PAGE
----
With Kirby Mania – Environmental Justice
The study of the environment encompasses multiple disciplines across the humanities and sciences. In this course we will pay particular attention to the discourse surrounding environmental justice, considering perspectives from critical race theory, ecofeminism, history, sociology, political ecology, and economics. Emerging as a movement in the early 1980s in the US, environmental justice – now considered a global movement and a matter of global concern – recognizes the “unequal impacts of environmental pollution on different social classes and racial/ethnic groups” (Mohai et al., 2009, p.405). Studies have shown that placement of toxic waste facilities and exposure to environmental pollutants disproportionately affect vulnerable social groups (such as people of colour, indigenous peoples, immigrants, women, minority and low-income communities as well as developing countries). Environmental justice studies emerged as a way in which to research, track, and monitor cases of environmental injustice. Research in this field considers the role that grassroots activists play in raising awareness and their means of enacting meaningful environmental and social change. Scholars also study and evaluate policy decisions that either improve or exacerbate existing conditions affecting at-risk communities. The environmental justice paradigm (EJP) attempts to “link environmental principles with historical and contemporary social and economic justice struggles … hold corporations accountable and to participate in the policy making process” (Taylor, 1997, p.53). In this course, we will be tracing a number of scholarly conversations about the Environmental Justice Movement, looking at literature from the US, but also from Canada and other parts of the world, discussing terms like environmental racism, environmental inequality, intersectionality, slow violence, and the environmentalism of the poor.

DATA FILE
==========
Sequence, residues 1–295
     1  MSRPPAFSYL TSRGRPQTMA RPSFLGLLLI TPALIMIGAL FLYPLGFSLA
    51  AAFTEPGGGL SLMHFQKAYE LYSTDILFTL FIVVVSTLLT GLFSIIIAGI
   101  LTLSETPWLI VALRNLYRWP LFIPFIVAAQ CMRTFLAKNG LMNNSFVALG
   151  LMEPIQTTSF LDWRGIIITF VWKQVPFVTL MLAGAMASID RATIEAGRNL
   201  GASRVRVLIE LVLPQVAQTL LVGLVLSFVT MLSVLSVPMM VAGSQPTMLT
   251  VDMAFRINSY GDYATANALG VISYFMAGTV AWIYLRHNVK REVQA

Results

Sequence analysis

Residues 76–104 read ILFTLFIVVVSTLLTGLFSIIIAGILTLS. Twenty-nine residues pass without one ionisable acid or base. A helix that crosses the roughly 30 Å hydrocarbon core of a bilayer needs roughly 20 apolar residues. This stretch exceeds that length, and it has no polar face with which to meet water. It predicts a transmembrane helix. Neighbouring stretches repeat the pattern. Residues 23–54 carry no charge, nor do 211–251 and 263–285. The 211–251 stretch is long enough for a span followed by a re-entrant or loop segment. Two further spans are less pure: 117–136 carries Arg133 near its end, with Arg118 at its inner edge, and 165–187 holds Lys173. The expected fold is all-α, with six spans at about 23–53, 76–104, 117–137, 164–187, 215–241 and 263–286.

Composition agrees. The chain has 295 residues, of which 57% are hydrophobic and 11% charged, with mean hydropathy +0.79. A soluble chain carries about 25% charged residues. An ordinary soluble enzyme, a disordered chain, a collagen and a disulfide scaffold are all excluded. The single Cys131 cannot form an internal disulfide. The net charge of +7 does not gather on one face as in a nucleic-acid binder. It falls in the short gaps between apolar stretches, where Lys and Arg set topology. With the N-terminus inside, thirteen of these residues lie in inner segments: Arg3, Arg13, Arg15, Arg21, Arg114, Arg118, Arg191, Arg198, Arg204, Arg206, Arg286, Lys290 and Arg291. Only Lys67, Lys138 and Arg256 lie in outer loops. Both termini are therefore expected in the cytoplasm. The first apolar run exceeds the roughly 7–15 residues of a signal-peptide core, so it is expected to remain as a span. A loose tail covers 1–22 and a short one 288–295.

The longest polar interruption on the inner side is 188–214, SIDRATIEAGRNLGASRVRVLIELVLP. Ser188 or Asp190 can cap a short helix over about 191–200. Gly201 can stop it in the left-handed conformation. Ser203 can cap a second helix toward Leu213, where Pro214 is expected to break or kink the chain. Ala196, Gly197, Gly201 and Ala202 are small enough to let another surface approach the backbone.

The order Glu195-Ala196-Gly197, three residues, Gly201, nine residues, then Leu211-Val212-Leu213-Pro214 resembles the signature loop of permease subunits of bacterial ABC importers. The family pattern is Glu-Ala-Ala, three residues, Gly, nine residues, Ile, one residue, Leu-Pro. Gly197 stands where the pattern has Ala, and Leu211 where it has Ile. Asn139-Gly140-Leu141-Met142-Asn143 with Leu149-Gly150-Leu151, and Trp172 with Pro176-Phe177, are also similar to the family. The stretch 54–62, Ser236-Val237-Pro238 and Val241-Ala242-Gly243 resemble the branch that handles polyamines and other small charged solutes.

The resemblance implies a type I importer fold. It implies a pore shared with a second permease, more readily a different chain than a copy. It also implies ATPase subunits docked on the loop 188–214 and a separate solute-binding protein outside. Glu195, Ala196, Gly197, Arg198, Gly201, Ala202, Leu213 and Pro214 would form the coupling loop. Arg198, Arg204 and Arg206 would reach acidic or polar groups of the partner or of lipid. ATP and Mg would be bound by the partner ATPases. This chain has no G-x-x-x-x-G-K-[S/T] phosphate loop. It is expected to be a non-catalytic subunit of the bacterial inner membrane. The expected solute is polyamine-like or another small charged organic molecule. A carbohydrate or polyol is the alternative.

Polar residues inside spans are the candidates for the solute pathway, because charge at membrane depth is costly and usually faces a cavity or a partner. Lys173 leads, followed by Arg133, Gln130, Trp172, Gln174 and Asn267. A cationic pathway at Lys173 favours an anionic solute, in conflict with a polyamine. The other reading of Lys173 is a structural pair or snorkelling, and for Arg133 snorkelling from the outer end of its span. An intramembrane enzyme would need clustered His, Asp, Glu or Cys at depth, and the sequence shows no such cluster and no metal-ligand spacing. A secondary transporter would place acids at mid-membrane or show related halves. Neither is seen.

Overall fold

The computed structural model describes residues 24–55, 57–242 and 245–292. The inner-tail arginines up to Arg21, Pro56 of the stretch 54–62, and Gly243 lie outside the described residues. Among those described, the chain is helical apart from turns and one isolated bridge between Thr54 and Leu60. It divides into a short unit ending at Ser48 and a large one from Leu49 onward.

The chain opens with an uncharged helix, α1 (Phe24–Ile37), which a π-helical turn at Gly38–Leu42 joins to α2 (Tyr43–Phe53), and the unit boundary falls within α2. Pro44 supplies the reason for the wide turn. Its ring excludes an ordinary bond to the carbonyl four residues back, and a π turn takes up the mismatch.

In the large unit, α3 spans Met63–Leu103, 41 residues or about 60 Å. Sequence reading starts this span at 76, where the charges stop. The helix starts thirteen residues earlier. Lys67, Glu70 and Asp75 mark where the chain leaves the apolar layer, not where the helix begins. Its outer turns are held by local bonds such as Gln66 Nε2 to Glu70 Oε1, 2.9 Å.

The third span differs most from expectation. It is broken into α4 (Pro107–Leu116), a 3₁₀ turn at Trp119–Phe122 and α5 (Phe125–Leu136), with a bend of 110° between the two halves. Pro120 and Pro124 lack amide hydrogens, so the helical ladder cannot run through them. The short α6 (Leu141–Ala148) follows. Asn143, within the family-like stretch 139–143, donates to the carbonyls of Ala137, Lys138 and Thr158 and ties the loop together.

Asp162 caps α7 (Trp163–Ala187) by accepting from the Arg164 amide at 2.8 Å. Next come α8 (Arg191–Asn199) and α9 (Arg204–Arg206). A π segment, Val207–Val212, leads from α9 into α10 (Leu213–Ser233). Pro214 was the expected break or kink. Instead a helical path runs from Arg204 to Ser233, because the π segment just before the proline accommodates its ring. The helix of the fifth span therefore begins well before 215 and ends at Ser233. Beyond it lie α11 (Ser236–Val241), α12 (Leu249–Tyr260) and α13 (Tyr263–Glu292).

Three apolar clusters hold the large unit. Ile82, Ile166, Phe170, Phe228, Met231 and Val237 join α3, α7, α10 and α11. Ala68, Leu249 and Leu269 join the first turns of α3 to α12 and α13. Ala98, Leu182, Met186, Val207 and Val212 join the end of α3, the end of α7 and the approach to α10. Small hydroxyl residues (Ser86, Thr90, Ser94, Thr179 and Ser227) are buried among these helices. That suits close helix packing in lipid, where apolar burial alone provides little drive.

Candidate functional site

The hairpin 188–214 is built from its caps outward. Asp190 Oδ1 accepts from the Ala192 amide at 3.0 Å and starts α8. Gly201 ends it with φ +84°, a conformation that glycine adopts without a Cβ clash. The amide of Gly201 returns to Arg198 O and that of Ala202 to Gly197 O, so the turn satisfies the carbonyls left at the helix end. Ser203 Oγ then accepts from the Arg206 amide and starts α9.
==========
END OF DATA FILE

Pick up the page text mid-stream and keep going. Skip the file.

This multi-discourse approach to the provided topic provides a foundation for engaging thoughtfully with scholarly conversations and published research across a range of disciplinary perspectives. The course will entail writing about these research perspectives as well as producing research of your own.